Projected outfield: Michael Brantley, Kevin Pillar, Kyle Tucker

Jackie Bradley Jr.

JBJ has had an interesting career. As one the best defensive center fielders in baseball, JBJ got his bat back after three years of struggles. He proved that he can do both again and could’ve been an All-Star in 2020. He hit .283/.364/.450, which are all similar to what Springer posted in 2020.

The 1-time Gold Glove winner had a fielding percentage of 1.000 in 2020 and is almost mirroring what Springer accomplished. The 60 games wasn’t a big enough sample size for me to see if JBJ is back to being an elite outfielder, but it could be enough for other organizations.

These next two offseasons will be interesting for baseball, and teams are cutting it close on money which could trigger a strike. Players like JBJ will be looking for a big check, and if the Astros offer it to him, then Brantley will not be coming back. The Astros don’t have the cash to have both of them in their outfield. I think it’s best that the Astros stick with Brantley, but we will see. It would be just cutting a smaller check for a similar player in 2020 who isn’t known for his consistency.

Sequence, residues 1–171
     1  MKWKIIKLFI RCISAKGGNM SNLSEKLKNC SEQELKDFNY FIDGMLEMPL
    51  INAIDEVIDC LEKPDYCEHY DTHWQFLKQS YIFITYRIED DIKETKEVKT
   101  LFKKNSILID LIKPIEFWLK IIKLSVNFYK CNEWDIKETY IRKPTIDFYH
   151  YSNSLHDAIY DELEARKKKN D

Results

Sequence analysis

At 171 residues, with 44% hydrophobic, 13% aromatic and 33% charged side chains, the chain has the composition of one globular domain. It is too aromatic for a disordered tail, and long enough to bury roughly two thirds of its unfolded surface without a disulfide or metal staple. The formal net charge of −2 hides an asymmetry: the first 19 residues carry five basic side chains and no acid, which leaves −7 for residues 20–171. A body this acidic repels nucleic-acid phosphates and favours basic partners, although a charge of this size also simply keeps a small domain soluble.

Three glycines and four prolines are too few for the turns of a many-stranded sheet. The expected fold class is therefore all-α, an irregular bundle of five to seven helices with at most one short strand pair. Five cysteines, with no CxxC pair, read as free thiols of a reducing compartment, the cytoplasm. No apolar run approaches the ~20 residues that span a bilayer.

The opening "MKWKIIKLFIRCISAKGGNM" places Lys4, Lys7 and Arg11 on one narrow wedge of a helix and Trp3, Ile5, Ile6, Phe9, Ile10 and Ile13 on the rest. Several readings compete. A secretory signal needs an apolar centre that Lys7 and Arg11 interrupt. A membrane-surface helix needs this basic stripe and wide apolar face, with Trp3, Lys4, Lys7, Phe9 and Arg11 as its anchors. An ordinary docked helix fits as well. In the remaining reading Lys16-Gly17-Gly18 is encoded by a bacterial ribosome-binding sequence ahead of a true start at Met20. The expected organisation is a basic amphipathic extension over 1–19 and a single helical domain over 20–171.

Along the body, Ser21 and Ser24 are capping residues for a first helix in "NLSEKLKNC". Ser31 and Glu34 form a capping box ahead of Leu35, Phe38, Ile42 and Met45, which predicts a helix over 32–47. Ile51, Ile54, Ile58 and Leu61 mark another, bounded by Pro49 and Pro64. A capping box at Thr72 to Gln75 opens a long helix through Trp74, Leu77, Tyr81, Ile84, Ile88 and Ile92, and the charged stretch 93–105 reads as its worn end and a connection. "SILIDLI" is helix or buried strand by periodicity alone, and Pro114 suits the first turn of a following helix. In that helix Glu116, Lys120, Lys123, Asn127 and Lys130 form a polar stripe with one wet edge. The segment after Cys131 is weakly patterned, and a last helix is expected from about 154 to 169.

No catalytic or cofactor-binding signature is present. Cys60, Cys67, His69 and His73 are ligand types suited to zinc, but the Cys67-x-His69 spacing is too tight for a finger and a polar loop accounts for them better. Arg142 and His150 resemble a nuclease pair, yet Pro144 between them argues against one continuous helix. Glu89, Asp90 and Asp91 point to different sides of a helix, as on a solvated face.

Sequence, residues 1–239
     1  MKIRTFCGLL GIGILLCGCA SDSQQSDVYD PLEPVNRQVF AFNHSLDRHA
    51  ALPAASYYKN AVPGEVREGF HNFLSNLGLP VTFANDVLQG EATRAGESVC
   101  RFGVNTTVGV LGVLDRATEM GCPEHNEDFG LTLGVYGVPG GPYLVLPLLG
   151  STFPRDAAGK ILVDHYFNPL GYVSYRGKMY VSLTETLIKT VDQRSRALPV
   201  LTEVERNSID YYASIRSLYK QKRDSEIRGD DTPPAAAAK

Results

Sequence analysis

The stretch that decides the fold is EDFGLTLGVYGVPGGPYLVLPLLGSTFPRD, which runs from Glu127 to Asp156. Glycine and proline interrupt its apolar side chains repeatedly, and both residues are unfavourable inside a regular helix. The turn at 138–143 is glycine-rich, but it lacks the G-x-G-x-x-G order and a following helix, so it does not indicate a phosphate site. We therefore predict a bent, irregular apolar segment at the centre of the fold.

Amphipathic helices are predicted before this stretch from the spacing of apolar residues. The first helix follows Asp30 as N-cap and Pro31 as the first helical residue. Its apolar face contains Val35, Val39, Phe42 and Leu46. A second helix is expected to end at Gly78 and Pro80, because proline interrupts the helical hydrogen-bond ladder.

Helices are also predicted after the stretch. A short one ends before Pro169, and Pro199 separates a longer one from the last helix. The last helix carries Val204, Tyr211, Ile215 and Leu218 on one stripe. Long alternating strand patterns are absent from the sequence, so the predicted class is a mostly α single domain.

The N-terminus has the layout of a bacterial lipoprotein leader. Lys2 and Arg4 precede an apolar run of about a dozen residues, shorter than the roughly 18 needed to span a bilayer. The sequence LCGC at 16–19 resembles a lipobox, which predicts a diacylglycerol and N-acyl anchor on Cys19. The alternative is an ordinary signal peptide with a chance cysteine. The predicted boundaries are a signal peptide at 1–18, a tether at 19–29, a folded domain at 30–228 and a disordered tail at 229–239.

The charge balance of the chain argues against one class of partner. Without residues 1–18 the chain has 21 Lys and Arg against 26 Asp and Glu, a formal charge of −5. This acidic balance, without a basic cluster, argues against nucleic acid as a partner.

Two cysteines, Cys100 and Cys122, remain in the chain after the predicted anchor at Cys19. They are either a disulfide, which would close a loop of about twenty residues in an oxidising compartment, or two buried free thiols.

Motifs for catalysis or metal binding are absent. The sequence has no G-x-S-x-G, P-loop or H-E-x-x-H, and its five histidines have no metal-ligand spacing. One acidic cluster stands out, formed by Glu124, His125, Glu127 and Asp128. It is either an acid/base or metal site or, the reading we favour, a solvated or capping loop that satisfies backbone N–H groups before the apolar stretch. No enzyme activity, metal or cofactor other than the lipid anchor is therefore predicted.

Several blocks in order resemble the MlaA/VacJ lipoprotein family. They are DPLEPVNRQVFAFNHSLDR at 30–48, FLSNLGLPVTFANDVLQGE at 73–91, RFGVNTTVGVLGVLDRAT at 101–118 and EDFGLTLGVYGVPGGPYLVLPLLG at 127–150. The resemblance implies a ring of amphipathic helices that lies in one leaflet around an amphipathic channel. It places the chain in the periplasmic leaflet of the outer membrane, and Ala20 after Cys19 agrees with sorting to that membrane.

Projected outfield: Jake Marisnick, Jackie Bradley Jr., Kyle Tucker

Jake Marisnick

This one might be a shocker to many, but the Astros could bring back on old friend for a cheap price in 2021. This move would be depending on if the New York Mets non-tender Big Fudge or not. While battling two hamstring strains in 2020, Marisnick fell to the IL twice.

In six years in Houston, Marisnick was a reliable outfielder that battled issues at the plate. But in 2019, he started to turn over a new leaf at the plate. In 16 games this season, he hit .333/.353/.606, which is promising but the small sample size makes you wonder if it’s sustainable.

He is a better, slower version of Straw, but the defensive availability is there. The issues are his bat and the leadoff spot. The Astros are hopeful for bounce back years from Jose Altuve, Carlos Correa and Yordan Alvarez. Marisnick would be a cheep pick up and could add some depth to the outfield if he doesn’t start.

Projected outfield: Michael Brantley, Jake Marisnick, Kyle Tucker

The centerfield situation will be tricky this offseason for the Astros, but it will come down to whether they spend big or work toward building for the future. For more on the outfield predicament, Andrew Gleinser brought up a possibility of other players in his piece.